From University of South Florida Health Sciences Center
USF neuroscientists study potential of cord blood cells to rescue aging brain
$1.3-million NIA grant awarded
Tampa, FL (April 25, 2002) -- The University of South Florida Center for Aging and Brain Repair has been awarded a $1.3-million federal grant to study whether stem cells from human umbilical cord blood (HUCB) can rescue the brain from age-related decline.
Using an animal model, the 5-year, National Institute on Aging study will address critical questions about HUBC cells' true potential to successfully treat the normal mental declines of aging as well as neurodegenerative diseases.
Studies at USF and elsewhere have suggested that HUCB may be a noncontroversial and more readily available source of therapeutic cells for treating neurological diseases like Parkinson's or Alzheimer's disease and brain injuries such as stroke.
"We can change the destiny of a portion of these cells so that they take on the characteristics of neurons," said Tanja Zigova, PhD, principal investigator for the grant and assistant professor of neurosurgery at the Center for Aging and Brain Repair, USF College of Medicine.
"Our ultimate goal is to find out how to turn enough of them into specialized neurons that would read specific cues from the brain, migrate where we want them to go, and produce the types of neurotransmittters (chemical messengers) that must be replenished to restore brain function."
"One aspect of the research is to determine if the HUCB cells can be used to try to reverse age-related declines in learning and memory," said USF neuroscientist Paula Bickford, PhD, a co-investigator for the study. "If we observe such a change in aged rats, then perhaps it will be possible to use this approach for human aging. Clearly, there is a lot of work to be done before we take that step, and this award makes it possible for us to do that work."
Cord blood cells include a significant number of stem cells -- immature, unspecialized cells with the potential to become any cell in the body, including neurons. Researchers at the USF Center for Aging and Brain Repair were among the first to show that these cells can be reprogrammed in laboratory cultures to become immature nerve cells. They've also demonstrated that HUCB cells transplanted into the developing brains of neonatal rats begin to look like nerve cells and express certain proteins found only in neurons and glial cells.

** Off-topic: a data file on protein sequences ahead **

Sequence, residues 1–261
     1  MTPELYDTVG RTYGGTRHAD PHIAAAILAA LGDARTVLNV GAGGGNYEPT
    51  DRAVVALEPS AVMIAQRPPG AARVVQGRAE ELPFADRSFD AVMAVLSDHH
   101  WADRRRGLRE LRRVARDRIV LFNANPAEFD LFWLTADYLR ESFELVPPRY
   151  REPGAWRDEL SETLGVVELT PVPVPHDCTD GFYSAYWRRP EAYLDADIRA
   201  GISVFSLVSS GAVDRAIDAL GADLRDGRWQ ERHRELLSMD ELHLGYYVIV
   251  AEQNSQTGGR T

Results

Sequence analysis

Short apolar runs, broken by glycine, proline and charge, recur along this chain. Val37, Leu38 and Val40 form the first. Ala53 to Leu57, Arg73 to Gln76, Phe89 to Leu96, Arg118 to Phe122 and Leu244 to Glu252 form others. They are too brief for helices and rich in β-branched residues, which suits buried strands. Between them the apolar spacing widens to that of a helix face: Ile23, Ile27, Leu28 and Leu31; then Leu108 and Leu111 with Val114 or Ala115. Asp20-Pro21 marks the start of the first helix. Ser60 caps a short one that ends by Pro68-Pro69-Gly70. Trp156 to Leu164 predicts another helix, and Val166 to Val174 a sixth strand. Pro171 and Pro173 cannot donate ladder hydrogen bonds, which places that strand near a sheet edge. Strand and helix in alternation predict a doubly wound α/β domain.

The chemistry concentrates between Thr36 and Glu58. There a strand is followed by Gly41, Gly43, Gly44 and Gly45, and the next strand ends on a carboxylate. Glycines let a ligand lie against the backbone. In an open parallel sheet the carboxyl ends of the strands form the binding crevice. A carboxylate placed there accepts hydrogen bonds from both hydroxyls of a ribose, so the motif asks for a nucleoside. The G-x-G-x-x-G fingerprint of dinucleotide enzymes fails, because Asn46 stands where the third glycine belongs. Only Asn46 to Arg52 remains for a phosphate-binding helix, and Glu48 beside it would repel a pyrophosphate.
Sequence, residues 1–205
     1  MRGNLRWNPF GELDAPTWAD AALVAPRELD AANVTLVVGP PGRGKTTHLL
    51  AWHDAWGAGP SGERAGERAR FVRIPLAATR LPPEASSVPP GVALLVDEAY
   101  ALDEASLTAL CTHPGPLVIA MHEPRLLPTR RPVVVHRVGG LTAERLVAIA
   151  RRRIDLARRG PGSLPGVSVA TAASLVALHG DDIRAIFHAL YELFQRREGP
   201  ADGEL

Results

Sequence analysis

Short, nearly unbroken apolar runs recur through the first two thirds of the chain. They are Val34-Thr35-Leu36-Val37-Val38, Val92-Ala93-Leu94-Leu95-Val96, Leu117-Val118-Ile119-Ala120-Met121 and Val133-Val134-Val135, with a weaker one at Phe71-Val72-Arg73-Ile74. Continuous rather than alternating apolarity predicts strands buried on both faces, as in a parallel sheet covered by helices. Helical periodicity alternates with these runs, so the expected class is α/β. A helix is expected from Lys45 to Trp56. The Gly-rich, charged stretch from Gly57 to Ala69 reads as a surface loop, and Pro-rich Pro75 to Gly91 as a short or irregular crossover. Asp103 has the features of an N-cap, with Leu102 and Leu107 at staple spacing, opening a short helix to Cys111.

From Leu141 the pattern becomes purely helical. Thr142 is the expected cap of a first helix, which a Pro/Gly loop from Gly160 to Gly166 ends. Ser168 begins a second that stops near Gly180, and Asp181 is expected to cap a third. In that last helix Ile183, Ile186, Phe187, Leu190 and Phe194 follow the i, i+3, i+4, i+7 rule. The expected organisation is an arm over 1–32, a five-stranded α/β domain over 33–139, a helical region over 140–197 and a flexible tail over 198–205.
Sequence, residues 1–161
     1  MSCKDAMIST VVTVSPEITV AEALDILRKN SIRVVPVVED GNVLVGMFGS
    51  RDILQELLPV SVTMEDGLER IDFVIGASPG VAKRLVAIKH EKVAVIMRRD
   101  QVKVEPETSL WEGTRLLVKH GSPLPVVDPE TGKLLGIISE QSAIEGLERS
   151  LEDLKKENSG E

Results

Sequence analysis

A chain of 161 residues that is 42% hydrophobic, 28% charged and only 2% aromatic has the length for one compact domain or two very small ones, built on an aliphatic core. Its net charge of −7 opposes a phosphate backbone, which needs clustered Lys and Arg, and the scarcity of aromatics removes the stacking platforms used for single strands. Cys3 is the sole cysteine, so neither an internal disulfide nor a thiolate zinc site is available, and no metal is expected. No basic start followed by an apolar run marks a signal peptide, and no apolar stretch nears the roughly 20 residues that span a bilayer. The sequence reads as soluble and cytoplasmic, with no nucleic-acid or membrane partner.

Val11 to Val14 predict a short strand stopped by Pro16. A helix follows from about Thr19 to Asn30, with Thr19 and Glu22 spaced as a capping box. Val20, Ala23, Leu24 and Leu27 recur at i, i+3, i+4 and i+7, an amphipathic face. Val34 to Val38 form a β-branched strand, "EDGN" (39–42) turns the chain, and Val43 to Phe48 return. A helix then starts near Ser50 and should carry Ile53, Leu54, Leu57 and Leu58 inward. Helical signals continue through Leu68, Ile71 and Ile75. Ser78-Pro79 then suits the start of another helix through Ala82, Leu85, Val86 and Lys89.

Coaxing cells to resemble neurons is a big step. The much bigger and trickier hurdle is getting them to behave like neurons in the brain.
The USF study will use a model of aging rats to test the following:
- Which growth and nutritional factors best prompt malleable HUBC cells to follow pathways that lead the immature cells to become specific types of neurons.
- Whether the age of transplant recipients affects the ability of HUBC cells to grow and differentiate. The researchers want to know if the younger brain is a more conducive environment than the older brain for forming different types of neural tissue and promoting the reconnection of brain pathways. Using young, middle-aged and old rats, the researchers will transplant HUBC-derived cells into the subventricular region and hippocampus of the rodents' brains. These are the two areas of the brain where new neurons and glia are regenerated throughout life.
- Whether HUCB-derived cells transplanted directly into the brains of aging rats can reverse or slow age-related declines in learning and memory. In another experiment, the cells will be administered intravenously. The rats' ability to learn and their working memories will be tested using a water maze before and after transplant.
The researchers hope to discern whether any recovery stimulated by the HUCB cells is actually the result of replacing lost neurons or an indirect benefit of growth and nutritional substances, known as trophic factors, produced by the stem cells.
"The studies by Dr. Zigova should add greatly to our mission of developing non-embryonic stem cell therapies for brain repair," said Paul R. Sanberg, PhD, DSc, professor of neurosurgery and director of the Center for Aging and Brain Repair. "This will be the Center's first analysis of stem cells as a potential treatment for a condition that eventually affects everyone's brain -- aging."
The USF Center for Aging and Brain Repair is a leader in the search for novel cell therapies to combat Parkinson's disease, Huntington's disease, Alzheimer's, stroke and other neurodegenerative disorders, as well as spinal cord injury.